CC BY-NC-ND 4.0 · J Neurosci Rural Pract 2017; 08(S 01): S049-S056
DOI: 10.4103/jnrp.jnrp_91_17
Original Article
Journal of Neurosciences in Rural Practice

Alleviating Stress Response to Tracheal Extubation in Neurosurgical Patients: A Comparative Study of Two Infusion Doses of Dexmedetomidine

Ankur Luthra
Department of Anaesthesia and Intensive Care, Postgraduate Institute of Medical Education and Research, Chandigarh, India
,
Hemanshu Prabhakar
1  Department of Neuroanaesthesiology, All India Institute of Medical Sciences, New Delhi, India
,
Girija Prasad Rath
1  Department of Neuroanaesthesiology, All India Institute of Medical Sciences, New Delhi, India
› Author Affiliations
Further Information

Publication History

Publication Date:
03 September 2019 (online)

ABSTRACT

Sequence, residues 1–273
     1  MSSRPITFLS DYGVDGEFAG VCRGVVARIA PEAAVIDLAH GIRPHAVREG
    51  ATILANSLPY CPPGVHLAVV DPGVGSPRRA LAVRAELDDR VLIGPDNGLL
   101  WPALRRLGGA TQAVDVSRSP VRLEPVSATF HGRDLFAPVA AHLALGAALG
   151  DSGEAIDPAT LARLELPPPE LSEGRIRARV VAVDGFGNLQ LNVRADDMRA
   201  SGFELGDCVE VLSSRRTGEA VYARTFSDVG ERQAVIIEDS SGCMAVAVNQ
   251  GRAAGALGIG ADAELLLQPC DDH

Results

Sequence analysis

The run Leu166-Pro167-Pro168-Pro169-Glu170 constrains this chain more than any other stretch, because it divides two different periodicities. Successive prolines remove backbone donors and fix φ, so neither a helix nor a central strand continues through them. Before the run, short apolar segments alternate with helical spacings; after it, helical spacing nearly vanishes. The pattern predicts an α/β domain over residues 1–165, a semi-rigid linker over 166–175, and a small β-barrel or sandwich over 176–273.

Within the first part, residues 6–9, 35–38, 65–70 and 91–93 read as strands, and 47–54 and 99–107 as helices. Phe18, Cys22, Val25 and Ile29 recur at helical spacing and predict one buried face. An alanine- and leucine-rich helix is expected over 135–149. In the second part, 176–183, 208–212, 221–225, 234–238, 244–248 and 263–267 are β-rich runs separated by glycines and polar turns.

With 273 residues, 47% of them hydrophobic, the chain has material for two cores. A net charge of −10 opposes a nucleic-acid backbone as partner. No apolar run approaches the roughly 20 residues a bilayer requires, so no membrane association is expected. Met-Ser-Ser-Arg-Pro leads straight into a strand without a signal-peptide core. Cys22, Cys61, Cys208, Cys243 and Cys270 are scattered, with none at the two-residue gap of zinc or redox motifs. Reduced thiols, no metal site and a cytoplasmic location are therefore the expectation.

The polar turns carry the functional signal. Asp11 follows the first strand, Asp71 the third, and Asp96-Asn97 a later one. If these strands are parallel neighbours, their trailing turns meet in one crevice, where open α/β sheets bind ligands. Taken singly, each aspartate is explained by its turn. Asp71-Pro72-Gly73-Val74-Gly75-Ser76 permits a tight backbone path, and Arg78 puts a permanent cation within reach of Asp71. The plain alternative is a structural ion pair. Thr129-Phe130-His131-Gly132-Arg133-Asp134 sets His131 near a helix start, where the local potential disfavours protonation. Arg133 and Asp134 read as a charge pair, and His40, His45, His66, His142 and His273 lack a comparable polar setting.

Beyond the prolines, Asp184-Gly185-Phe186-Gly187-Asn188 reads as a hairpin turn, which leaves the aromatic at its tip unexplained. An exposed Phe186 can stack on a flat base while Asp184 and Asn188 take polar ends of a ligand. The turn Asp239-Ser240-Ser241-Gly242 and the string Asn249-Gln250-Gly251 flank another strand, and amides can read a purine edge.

Background: Tracheal extubation is almost always associated with increase in sympathoadrenal activity may result in hypertension, tachycardia, and arrhythmias. Attempts have been made to oppose the pressor response by the use of various drugs. Dexmedetomidine decreases norepinephrine which reduces the blood pressure and the heart rate (HR). We hypothesize that the infusion of dexmedetomidine may produce more stable hemodynamics during extubation as compared to boluses. Materials and Methods: Ninety adult patients aged 18–65 years, the American Society of Anesthesiologists Grade I–II undergoing intracranial surgeries for various neurologic problem at All India Institute of Medical Sciences were enrolled in this randomized controlled trial. Primary Objectives: (1) To observe the hemodynamic changes (HR and mean arterial pressure [MAP]) and airway responses during tracheal extubation following two infusion doses of dexmedetomidine. Secondary Objectives: (1) Time to emergence and time to tracheal extubation, (2) Early postoperative complications such as laryngospasm and bronchospasm, and (3) adverse effects of the study drug. Patients were assigned into three groups – (1) Group D0.2 – 0.2 μg/kg/h diluted to 50 ml, (2) Group D0.4 – 0.4 μg/kg/h diluted to 50 ml and Group P (Placebo) – 0.9% NS 50 ml. The hemodynamics including the HR and MAP were recorded just before the loading dose of the study drug and then were recorded every 5 min till the infusion was stopped at tracheal extubation and every 1 min till 10 min postextubation. In addition, the airway, respiratory and cardiovascular complications along with postoperative nausea and vomiting, shivering, cough grading, Aldrete score, Ramsay sedation scale, and intraoperative awareness were recorded. Statistical Analysis: Continuous variables such as HR and MAP were analyzed using analysis of variance and categorical variables were analyzed using the Chi-square test. Results: Patient demographics were comparable between the three groups. There was a significant reduction in HR and MAP just before extubation and up to 10 min post extubation in the D0.2 and D0.4 groups as compared to placebo (P < 0.001) but the difference among the dexmedetomidine groups were not significant. Patients belonging to D0.2 group emerged faster than D0.4 group, however, the results were comparable with placebo group. 73.3% patients of the placebo group had tachycardia and hypertension at emergence as compared to only 3.3% patients in the D0.4 group (P < 0.001). Eighty percentage patients of D0.2 and 100% patients of D0.4 group had a significant reduction in cough as compared to placebo (P < 0.001). No patient in either groups had intraoperative awareness, any respiratory complications, or allergic reactions to the study drug. Modified Aldrete scoring and Ramsay sedation scale were comparable in all the three groups. Conclusion: Dexmedetomidine suppresses cough and hemodynamic responses (HR and MAP) to tracheal extubation significantly without delaying emergence.